Insanity defenses are usually not successful, anyway. Depending on your state:
1. You have to show that you didn't know right from wrong and not be aware of the consequences of your actions - most states.
2. May have an added factor - your action can't be the product of mental
illness. Emotional impulse of the moment doesn't qualify as a mental illness. It might be a mitigating factor for a lesser sentence - maybe.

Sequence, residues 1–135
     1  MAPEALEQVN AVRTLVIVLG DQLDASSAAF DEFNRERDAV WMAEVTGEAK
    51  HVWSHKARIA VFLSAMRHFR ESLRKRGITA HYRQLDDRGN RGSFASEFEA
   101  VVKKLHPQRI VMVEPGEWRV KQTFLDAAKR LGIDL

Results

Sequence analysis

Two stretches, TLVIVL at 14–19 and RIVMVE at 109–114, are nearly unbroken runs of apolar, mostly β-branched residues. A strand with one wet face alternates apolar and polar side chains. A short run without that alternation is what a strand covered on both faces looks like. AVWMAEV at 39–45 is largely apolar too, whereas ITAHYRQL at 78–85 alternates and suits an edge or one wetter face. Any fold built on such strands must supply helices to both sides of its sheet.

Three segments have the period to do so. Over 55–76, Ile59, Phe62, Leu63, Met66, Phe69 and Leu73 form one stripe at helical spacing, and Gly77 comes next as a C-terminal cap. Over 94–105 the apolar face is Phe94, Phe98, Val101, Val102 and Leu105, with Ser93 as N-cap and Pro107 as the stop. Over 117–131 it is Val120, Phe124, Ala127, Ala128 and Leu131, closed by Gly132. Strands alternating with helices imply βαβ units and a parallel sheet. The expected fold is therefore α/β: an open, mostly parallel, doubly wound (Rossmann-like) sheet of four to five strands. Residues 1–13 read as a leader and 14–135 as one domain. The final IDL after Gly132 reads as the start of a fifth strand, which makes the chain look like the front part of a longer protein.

3. There are jurisdictions where you can be found mentally ill and guilty. Thus, you go to the hospital to get cured and then to prison.
My non-attorney reading of legal texts on self-defense indicates for our legal history and traditions, killing someone after they are not an active threat is legally and morally unacceptable.
PS - Idaho is eliminating the insanity defense and SCOTUS won't touch it.